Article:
Then, I remember what it was like to feel that way about myself. This is the hard part because those feelings aren’t fun. But this puts me in the right frame of mind to empathize with the person sitting across from me.

Refute the Lie

When it comes to verbally responding to diet talk, I don’t believe there is one miraculous statement that will suddenly make every person see themselves differently and realize that dieting is a trap.

Every person’s situation, and every instance of diet talk, is different.

There is one core principle, however, that I think is the most important part of any verbal response to diet talk, and that’s refuting the lie.

What does that mean?

At the core of every type of diet talk exists a lie that the speaker is believing. Using the above examples, we can identify the lies at the root of each statement; click the statements below to uncover the lies:

“All I’ve eaten today is an apple.”

Eating less makes me better.

“This girl I follow on Instagram is so thin.”

If I was thinner, I’d be happier like her.

“I haven’t worked out all week – I’m disgusting.”

I’m bad for not working out.

This isn’t an exact science, but if you listen carefully, you’ll be able to hear the underlying belief implied by someone’s diet-talk statement. And if it’s unclear to you, ask questions to get a better idea of what’s going through their head.

Understanding the lie carves out a clearer path for your response. For instance, some sample responses to the above statements might sound like:

  • Wow, you must be hungry! Is there a reason you haven’t eaten more today? (It’s a good idea to seek a better understanding of why someone says this rather than assuming.)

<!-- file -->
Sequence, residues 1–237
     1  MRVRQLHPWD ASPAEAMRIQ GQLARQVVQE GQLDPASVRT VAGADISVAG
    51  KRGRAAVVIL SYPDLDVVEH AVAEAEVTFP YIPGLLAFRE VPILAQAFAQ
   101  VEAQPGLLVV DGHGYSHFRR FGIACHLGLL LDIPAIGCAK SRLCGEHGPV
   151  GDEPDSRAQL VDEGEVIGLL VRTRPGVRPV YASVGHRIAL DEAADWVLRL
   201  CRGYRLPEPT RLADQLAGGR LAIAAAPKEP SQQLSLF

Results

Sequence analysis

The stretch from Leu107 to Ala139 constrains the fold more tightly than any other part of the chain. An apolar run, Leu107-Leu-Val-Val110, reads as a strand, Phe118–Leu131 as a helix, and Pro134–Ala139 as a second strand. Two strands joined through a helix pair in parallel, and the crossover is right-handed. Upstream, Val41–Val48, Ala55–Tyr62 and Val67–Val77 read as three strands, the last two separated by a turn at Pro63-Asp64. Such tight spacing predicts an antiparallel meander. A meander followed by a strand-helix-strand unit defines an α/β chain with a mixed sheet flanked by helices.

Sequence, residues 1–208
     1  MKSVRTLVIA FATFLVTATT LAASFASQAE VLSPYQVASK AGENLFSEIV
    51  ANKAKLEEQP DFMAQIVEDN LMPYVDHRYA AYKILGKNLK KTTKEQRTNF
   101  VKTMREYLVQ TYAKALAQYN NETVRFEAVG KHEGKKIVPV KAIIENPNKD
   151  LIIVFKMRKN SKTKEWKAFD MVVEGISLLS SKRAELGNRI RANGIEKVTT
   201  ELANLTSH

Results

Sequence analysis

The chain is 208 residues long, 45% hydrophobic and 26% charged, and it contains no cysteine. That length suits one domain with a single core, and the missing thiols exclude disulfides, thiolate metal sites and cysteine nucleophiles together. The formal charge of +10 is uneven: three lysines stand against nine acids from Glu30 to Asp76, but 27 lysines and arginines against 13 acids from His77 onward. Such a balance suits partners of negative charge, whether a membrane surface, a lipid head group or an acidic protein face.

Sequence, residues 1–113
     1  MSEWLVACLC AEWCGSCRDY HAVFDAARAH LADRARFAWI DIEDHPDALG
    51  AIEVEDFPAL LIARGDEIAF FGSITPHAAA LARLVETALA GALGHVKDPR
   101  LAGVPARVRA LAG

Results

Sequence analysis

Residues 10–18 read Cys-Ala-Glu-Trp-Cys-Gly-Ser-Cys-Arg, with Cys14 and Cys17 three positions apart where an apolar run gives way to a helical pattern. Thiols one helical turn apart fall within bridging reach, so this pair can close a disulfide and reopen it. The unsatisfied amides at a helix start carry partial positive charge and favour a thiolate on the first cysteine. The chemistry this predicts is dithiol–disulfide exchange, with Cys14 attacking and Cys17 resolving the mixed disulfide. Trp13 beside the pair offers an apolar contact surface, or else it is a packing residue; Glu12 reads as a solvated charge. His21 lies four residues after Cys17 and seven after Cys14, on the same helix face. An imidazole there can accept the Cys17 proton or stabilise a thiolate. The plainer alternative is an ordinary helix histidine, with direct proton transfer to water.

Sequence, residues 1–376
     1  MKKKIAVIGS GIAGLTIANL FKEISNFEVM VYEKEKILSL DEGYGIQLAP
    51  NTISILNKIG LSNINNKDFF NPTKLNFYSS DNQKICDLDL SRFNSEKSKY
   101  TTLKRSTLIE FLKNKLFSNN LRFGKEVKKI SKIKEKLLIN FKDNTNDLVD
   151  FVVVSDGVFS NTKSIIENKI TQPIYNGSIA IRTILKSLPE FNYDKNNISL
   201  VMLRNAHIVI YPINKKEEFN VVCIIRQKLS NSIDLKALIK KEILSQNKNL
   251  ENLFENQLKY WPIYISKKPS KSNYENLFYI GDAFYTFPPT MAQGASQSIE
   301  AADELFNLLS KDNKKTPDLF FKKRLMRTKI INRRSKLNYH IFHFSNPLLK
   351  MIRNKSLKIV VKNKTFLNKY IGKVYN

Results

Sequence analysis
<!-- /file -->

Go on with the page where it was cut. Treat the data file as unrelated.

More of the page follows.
• Being thin isn’t everything.
  • You’re not disgusting – I’d still love you even if you hadn’t worked out in years.

Don’t put pressure on yourself to always respond perfectly. People oftentimes say things like this about themselves without consciously thinking about it. Any attempt to refute the lies makes them stop and think about what they’re saying, and that’s a good thing.

State Your Needs

There are times when you may find yourself in frequent, close proximity with a diet-talker, whether it’s a parent, coworker, roommate, or significant other.

We obviously can’t control what others say or do, but if another person’s behavior or speech is impeding your own healing, you have the responsibility to share that with them.

When I was in the midst of recovering from disordered eating, I constantly talked about food, and I didn’t even realize it. Until, that is, my roommate at the time told me that my incessant blabber about food was making her feel self-conscious. I had no idea that I was hurting her, and I never would have known if she hadn’t told me.

If someone’s diet talk is driving you crazy, don’t be afraid to offer specific examples, discuss how such statements affect you, and make a kind request to limit those statements around you.

Whether or not people honor those requests is, of course, up to them. There may never be an end to diet talk, but you can always choose how you respond to it.

When you hear it, I invite you to be grateful for how far you’ve come in your own journey toward making peace with your body.

How do you deal with diet talk, whether it’s coming from others or from yourself? Let me know in the comments below.

How to Respond to Diet Talk